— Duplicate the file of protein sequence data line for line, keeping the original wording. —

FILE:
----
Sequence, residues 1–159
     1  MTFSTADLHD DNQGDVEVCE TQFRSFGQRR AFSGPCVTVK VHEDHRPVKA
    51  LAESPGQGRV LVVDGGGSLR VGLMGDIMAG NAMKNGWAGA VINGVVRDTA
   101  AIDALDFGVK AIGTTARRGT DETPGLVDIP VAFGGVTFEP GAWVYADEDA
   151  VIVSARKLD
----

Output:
Sequence, residues 1–159
     1  MTFSTADLHD DNQGDVEVCE TQFRSFGQRR AFSGPCVTVK VHEDHRPVKA
    51  LAESPGQGRV LVVDGGGSLR VGLMGDIMAG NAMKNGWAGA VINGVVRDTA
   101  AIDALDFGVK AIGTTARRGT DETPGLVDIP VAFGGVTFEP GAWVYADEDA
   151  VIVSARKLD